UK Environment Secretary Owen Paterson, who has been widely criticised for his complacency in the face of the current flooding disaster, has now been slammed for planning a visit to Africa to promote the interests of the biotechnology industry.
The Conference, organized by NASAC (the Network of African Science Academies) and EASAC (the European Academies Science Advisory Council), is flagged up as a two-day “workshop” in Addis Ababa, and its published programme makes it clear that it is designed to encourage the acceptance of GMO crops and foods particularly among those African nations which have hitherto maintained GM-free policies. Interestingly enough, there is no mention of GMOs on the NASAC website (euphemisms are used instead), but a leaked copy of the programme makes it clear that the promotion of GMOs is the key theme which all speakers and panellists will address.
A leaked document from the Workshop organizers indicates that Mr Paterson is the only senior politician from Europe who has agreed to attend, and that he will talk on “A view of Agricultural Biotechnology from an EU member state.” Other confirmed attendees include Anne Glover, the Chief Scientific Advisor to the EC, and other European scientists and academics with an interest in the promotion of GM crops. In view of their past statements on GM-related issues, it is clear that neither Mr Paterson nor Ms Glover holds views that are in line with those of the EU Parliament, the majority of EU states, or the European public — all of whom are profoundly sceptical about GMOs and the biotechnology multinationals. Yet they will presumably be giving a twisted “European view” to the assembled delegates from the African nations.
Another leaked document contains a “suggested list of participants”, a list of “suggested African keynote speakers” and a list of “suggested political leaders as advocates.” There can be no doubt at all that the workshop organizers do not see this event as a conference at which an exchange of views is welcomed; this is a straightforward promotional exercise designed fo further the commercial ambitions of the GMO industry, under the guise of assisting the African biotechnology industries and addressing food shortages and environmental degradation.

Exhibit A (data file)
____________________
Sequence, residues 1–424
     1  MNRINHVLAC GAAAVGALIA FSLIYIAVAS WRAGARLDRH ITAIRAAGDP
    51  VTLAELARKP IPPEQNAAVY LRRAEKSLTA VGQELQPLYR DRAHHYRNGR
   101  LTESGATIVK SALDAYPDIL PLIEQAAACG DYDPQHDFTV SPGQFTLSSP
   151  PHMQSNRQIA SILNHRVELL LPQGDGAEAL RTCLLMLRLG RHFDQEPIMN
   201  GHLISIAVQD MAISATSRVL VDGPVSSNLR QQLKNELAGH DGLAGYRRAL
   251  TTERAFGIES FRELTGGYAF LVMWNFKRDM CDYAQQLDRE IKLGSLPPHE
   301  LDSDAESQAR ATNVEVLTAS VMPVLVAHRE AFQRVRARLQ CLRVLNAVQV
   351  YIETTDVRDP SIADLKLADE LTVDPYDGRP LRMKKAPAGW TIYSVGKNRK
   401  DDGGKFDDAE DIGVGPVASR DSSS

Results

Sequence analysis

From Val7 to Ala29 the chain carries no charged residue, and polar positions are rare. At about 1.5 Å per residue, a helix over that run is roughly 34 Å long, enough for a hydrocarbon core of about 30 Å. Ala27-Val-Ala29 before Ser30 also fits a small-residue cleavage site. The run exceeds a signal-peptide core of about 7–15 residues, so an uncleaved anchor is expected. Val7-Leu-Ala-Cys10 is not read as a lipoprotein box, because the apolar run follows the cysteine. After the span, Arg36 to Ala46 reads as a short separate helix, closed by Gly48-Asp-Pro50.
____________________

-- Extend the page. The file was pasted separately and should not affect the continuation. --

One of the objects of the workshop is to promote the EASAC publication entitled “Planting the future: opportunities and challenges for using crop genetic improvement technologies for sustainable agriculture” (June 2013). This document — purportedly from an august scientific / academic source — has been widely criticised on the basis that it is a heavily biased promotional exercise written by, and for, the European biotechnology research community. There are no cited authors. It is also clear from the text that part of the EASAC agenda in producing the Report was to mount an attack on the GMO regulatory “burden” that has supposedly held back the adoption of GMO crops and foods in Europe and across the globe.
Paterson has taken a high profile as an ambassador or evangelist for the GMO / biotechnology industry since taking office as Environment Secretary. In some of his utterances he has used very colourful language, which has included the branding of GMO Golden Rice opponents as “wicked”. He has also claimed repeatedly that GMOs are needed if global food shortages are to be addressed, and has said that Britain must embrace GMOs or risk becoming “a museum of world farming.” He has developed very close links with the NFU, whose pro-GM policies are well-known, and it is also suspected that he has commercial ties to the GMO industry. In January he attended a closed EuropaBio event in Brussels, and gave a speech to a carefully selected group of attendees (5). He has been heavily criticised even by members of his own party for his simplistic and even naive utterances on GMOs and for his partial understanding of quite complex scientific issues. There is little doubt that his one-man GMO evangelical campaign is a considerable embarrassment to the UK Coalition Government.
Speaking for GM-Free Cymru, Dr Brian John said: “The revelations contained in these leaked documents demonstrate a complete lack of political judgment on the part of the Secretary of State. Just when he should be concentrating all of his efforts on the management of the flood crisis and the storm damage around the UK coastline, he plans to go swanning off to Africa — at taxpayers expense — in order to sell non-existent GMO crops to Africa, on behalf of a non-existent GMO industry. The only organizations which will benefit from his missionary efforts are Monsanto, Syngenta and the other biotechnology multinationals based outside the UK.
“He is certainly not representing the views of either Europe or the UK, and he must know that the Scottish and Welsh governments are fundamentally opposed to the position he is taking on GM crops. So he is seeking, fraudulently, to represent a personal obsession or crusade as “UK policy.” In any case, it is not a part of his job description to seek to promote the interests of the biotechnology research community beyond the shores of Britain. If a member of HM Government had to be present at the Ethiopian workshop, it would have been much more appropriate for David Willetts MP or Justine Greening MP to be there — so he is probably treading on their toes, as well as demonstrating an inability to prioritise within his own Cabinet brief. After this, he cannot possibly survive in his job as Secretary of State, and we look forward to the time, in the very near future, when he will be quietly put out to grass by the Prime Minister.”